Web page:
The possibility exists that sexual discourses merely served to provide a foundation for imperatives aimed at the eradication of 'unproductive' forms of sexuality. That perhaps all of the forms of discourse had as their end the cultivation of a vital population, reproduction of labour capacity and the prevailing social relations. Foucault argues that if the discourses were aimed at eliminating fruitless pleasures then they had failed, for by the nineteenth century a multiple implantation of perversions and a dispersion of sexualities had occurred. He suggests that non-conjugal, non-monogamous sexualities were not prohibited or eliminated by the power of the discourse of the confessional but that they were incited and multiplied. As a consequence a proliferation of unorthodox sexualities has eventuated. It is the sanctity accorded to the heterosexual monogamy in the eighteenth and nineteenth centuries that has as its natural consequence the incitement to confession of a multitude of sexual perversions that were deemed as unnatural or abnormal equivalents to the 'regular' sexuality of the 'acceptable' couple (Smart, 1985).

Foucault informs us that historically there have been two main procedures for producing the truth of sex. Societies such as China, Japan, India, Rome and the Arabo-Muslim societies granted to themselves the ars erotica, and from this erotic art, truth is drawn from the pleasure in itself. The practice is understood and experienced while pleasure is not defined in relation to the permitted or the forbidden. Our society has broken with the tradition of ars erotica and bestowed upon itself a scientia sexualis by adapting the ancient procedure of the confession to the rules of scientific discourse. Nearly one hundred and fifty years have gone into the making of the complex machinery for producing true discourses on sex and the enablement of the truth of sex and its pleasures to be embodied in a thing called 'sexuality' (Foucault, 1978).

The immense extortion of the sexual confession came to be constituted in scientific terms in the following ways; a clinical codification of the inducement to speak, the postulate of a general and diffuse causality, the principle of a latency intrinsic to sexuality, the method of interpretation, the medicalisation of the effects of confession (Foucault, 1978, pp 65-67). Foucault has rationalized that contrary to the opinion that the society of the nineteenth century had little dialogue relating to sex, that they did in fact put into operation an entire machinery for producing true discourses about it. To Foucault the censorship and taboos on the mentioning of sexual topics are secondary, or perhaps even complimentary to the explosion of discourses on sexuality (Cousins & Hussain, 1984). This society conceived a new type of pleasure as it endeavoured to create the homogeneous truth concerning sex: pleasure in the truth of pleasure.

[1] Smart is citing a passage from The History of Sexuality, Vol 1, p 11, Hurley, R. (trans). back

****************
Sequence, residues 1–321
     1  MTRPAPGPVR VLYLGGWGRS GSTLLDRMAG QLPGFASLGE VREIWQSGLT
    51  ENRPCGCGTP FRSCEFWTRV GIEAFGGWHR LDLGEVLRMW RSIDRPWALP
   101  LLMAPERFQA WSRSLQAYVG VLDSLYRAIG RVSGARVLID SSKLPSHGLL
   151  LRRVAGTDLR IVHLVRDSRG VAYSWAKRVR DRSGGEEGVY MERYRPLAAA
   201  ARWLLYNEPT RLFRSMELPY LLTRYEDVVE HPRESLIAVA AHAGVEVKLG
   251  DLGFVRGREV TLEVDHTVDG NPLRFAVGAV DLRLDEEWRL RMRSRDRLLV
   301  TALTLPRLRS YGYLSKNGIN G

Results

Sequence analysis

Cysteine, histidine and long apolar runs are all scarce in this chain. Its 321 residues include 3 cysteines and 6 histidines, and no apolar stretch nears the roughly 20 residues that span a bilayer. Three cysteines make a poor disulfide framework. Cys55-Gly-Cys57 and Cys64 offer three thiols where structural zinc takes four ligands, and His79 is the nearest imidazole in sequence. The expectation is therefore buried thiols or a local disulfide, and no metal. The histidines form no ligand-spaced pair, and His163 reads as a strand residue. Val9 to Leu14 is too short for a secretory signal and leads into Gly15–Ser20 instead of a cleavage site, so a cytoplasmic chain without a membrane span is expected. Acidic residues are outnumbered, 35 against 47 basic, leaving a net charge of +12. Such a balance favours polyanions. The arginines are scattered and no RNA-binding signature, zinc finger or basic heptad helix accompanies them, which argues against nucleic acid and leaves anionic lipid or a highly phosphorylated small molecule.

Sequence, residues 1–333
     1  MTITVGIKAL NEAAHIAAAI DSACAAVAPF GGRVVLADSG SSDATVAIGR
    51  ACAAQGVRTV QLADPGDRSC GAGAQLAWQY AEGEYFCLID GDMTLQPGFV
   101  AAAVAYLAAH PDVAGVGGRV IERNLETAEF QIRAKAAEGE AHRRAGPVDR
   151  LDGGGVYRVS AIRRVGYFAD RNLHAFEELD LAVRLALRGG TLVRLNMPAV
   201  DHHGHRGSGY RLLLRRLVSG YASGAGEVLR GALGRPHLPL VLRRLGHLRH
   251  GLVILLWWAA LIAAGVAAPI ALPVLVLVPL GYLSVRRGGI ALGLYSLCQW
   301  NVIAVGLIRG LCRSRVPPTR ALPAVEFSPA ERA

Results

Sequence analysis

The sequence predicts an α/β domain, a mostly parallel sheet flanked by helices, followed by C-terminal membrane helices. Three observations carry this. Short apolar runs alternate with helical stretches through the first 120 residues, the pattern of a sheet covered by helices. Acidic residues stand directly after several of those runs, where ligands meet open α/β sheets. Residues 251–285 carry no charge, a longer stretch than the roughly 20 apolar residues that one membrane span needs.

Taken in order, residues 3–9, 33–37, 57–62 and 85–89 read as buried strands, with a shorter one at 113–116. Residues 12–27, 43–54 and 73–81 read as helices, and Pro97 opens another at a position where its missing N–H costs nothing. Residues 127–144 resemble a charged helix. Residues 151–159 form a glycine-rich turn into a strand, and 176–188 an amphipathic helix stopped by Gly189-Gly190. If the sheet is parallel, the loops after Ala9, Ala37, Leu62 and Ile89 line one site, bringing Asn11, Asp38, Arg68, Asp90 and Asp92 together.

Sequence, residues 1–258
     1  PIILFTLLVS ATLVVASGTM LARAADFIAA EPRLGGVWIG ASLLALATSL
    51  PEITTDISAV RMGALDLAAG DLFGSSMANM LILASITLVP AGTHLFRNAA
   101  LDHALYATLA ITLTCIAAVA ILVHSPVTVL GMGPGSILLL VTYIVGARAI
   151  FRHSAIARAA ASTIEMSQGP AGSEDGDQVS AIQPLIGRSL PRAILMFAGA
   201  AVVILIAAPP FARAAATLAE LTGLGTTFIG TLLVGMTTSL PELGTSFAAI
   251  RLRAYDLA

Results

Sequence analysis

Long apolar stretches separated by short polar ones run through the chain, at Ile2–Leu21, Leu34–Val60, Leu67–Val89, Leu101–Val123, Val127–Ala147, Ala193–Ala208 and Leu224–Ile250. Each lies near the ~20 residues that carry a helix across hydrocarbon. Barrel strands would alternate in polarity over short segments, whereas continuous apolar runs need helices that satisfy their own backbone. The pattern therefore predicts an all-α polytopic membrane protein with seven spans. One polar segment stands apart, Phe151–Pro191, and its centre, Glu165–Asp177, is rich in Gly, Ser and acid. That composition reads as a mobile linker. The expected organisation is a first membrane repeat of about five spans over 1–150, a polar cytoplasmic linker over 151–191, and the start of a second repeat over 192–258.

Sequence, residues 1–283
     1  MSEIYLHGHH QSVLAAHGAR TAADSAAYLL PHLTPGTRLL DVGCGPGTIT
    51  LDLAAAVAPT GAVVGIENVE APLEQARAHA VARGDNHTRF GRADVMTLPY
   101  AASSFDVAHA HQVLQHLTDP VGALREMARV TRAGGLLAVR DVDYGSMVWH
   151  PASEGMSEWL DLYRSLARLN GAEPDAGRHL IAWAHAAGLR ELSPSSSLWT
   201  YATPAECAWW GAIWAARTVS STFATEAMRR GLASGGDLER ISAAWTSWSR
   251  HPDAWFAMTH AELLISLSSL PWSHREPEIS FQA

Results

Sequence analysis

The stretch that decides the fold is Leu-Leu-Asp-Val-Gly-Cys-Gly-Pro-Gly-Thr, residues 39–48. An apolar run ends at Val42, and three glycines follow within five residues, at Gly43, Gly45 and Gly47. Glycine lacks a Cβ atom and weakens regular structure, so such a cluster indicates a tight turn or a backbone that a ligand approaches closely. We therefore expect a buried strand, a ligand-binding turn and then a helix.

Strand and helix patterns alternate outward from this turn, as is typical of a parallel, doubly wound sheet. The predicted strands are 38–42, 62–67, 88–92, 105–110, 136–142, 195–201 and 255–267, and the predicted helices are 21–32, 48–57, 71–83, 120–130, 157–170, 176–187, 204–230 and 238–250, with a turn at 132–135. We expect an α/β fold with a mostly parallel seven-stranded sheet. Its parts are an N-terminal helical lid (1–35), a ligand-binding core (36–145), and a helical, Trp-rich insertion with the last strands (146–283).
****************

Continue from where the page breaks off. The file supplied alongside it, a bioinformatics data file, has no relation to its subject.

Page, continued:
[2] Ibid., pp. 23-4 back

[3] Originally published as "Foucault: Non au sexe roi" in Le Nouvel observateur, March 12, 1977, this interview was translated by David J. Parent as "Power and Sex," in Telos 32 (1977), pp. 152-61 back

Bristow, J. 1997, Sexuality, Routledge, Great Britain.

Cousins, M. & Hussain, A., 1984, Michel Foucault, Theoretical Traditions in the Social Sciences, Macmillan Education Ltd., London.

Foucault, M., Levy, B-H. 1988, Michel Foucault, Politics Philosophy Culture, Kritzman, L., ed., Routledge, Chapman & Hall, Inc., New York.

Foucault, M. 1998, The Will to Knowledge, The History of Sexuality Volume 1, Hurley, R., trans., Penguin Books, Great Britain.

Smart, B. 1988, Michel Foucault, Routledge, London.


an abstract:
In a recent work on American media culture and
psychoanalysis called _Enjoy Your Symptom!_ (1992), Slavoj Zizek
asks in the title of one chapter, "Why is woman a symptom of man?"
What he alludes to in this intentionally humorous question is a
proposition within contemporary psychoanalytic theory (and
feminism) that character traits and social roles associated with
women come from what are basically male fantasies. Women, in
other words, did not themselves invent the idea of "femininity";
rather it was invented for them by men. While the definition of
"femininity" changes depending upon historical period and
geographical location, generally the term refers to those talents and
shortcomings which make women "best suited" to perform domestic
labor -- and perhaps renders them incapable of doing anything else.
Clearly, the idea of femininity is ultimately more beneficial to males
than females: it guarantees men freedom from domestic work and
grants them the privileges of public authority.

I find Zizek's question useful because it implies that gender
division is itself a form of "illness" which generates symptoms.
Furthermore, the question reminds us that the fantasy which is
"femininity" tells us more about men than it does about actually
existing women. What I want to contend is that transgender is a